Three people hold a banner saying "Fix public housing now!"
Photo by Reginald Black

Housing is a frequent conversation topic around the city, and many residents feel that Washington, D.C., has become unaffordable to the average person. With rents soaring to an average of $1100 a month, it’s no wonder that a group of protesters took it upon themselves to disrupt the mayor’s comments at the DC 11th Annual Housing Expo on June 15, where D.C. mayor Muriel Bowser spoke about her administration’s comprehensive plan to address the city’s affordable housing crisis.  

“If you are here today, the number one issue on the mind of D.C. residents is affordability and affordability in housing,” Bowser said, over loud protests from the crowd..  She stopped her comments  for a second to acknowledge the protesters. “One thing I won’t allow anyone to do or to say is that Muriel Bowser is a liar,” she said. “You know and we know that we are very focused–more than any administration in the history of the District of Columbia–on building more affordable housing units.” 

Bowser’s administration  says that it is pouring millions of dollars into housing in order to drive down market prices. “We have delivered more than 7,200 units in the last four years,” Bowser told the Expo crowd. The protesters continued to heckle until Bowser’s security team and metropolitan police removed them from the area.  

Many D.C. residents feel that the administration isn’t doing enough for people in the  lowest income brackets. In a 2019 census, the District of Columbia has found about 6,500 people experiencing homelessness in a single night–a 22% overall decrease since 2016. Single people still make up most of this  population, with the number decreasing by only 5% since last year.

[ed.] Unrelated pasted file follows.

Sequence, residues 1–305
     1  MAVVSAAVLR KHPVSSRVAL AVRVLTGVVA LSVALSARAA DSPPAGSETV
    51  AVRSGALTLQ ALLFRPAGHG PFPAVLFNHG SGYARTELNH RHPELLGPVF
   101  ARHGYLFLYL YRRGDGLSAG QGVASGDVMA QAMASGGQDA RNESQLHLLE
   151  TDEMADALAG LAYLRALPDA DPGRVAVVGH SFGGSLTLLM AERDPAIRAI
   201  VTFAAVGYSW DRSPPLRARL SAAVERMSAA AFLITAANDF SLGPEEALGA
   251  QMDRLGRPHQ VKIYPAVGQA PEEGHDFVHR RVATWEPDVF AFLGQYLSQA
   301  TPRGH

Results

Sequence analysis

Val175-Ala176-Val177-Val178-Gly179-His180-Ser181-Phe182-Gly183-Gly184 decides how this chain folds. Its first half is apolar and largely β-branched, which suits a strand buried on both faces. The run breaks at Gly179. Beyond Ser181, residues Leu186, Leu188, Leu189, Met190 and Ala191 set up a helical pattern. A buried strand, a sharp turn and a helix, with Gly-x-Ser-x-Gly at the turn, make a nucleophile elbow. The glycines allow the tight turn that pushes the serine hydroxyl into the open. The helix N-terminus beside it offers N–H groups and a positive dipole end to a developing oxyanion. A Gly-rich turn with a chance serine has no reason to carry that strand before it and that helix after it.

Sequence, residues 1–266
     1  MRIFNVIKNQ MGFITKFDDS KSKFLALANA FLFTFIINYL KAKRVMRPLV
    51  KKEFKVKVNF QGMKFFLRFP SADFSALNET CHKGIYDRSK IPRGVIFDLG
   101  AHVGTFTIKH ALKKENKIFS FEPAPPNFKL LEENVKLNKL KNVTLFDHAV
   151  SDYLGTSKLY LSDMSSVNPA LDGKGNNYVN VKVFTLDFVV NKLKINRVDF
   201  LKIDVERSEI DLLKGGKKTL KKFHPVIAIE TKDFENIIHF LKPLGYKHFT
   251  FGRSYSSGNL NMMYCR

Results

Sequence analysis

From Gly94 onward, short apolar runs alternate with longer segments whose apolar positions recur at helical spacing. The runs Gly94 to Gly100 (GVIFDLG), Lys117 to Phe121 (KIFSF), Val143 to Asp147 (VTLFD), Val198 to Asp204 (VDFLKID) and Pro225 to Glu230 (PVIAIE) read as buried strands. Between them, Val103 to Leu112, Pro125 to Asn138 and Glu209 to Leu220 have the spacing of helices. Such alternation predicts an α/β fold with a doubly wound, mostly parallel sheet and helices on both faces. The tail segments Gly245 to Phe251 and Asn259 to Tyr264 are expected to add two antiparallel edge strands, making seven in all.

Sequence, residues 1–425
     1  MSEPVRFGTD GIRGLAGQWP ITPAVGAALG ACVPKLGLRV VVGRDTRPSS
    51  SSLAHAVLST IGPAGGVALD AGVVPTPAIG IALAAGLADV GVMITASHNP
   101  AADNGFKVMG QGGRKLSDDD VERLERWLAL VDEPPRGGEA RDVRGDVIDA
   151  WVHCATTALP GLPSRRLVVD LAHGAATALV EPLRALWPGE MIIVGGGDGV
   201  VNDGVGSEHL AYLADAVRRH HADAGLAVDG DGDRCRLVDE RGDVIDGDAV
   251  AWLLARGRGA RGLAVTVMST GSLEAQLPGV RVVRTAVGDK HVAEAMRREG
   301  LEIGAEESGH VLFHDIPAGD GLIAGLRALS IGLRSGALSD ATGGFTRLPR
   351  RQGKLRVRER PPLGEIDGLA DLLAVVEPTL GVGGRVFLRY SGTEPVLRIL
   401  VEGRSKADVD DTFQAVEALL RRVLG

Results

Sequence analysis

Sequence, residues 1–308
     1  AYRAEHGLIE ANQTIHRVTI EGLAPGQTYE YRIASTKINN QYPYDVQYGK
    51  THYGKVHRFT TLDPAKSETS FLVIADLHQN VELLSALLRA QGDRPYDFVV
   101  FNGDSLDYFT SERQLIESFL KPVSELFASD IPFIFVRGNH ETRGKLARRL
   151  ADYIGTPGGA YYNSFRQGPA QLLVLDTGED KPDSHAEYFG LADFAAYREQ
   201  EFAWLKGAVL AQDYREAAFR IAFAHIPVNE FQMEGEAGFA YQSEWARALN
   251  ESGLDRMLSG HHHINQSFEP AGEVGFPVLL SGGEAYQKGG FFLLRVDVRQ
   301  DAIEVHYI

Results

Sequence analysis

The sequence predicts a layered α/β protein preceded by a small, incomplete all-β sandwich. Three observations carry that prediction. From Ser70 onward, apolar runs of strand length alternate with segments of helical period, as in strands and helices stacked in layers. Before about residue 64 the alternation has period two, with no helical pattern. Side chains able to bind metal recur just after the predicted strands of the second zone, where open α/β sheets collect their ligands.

Efforts all over the city seem to be failing to make a dent in poverty. People are disgusted and rightfully so. This particular group of protesters embodied the frustration across the District. Residents, think tanks, housing advocates and many others came out to voice their opinions.  

But without policies and priorities, how can we say that we are an inclusive city? The struggle to find affordable housing has created a war of sorts between residents, and the issue is becoming more volatile: this is not the first time that protesters have interrupted Bowser and other officials. As long as poverty continues, housing will continue to remain an intractable issue that allows people to die without the dignity of a home. 

Reginald Black is a consumer representative on the D.C. Interagency Council on Homelessness.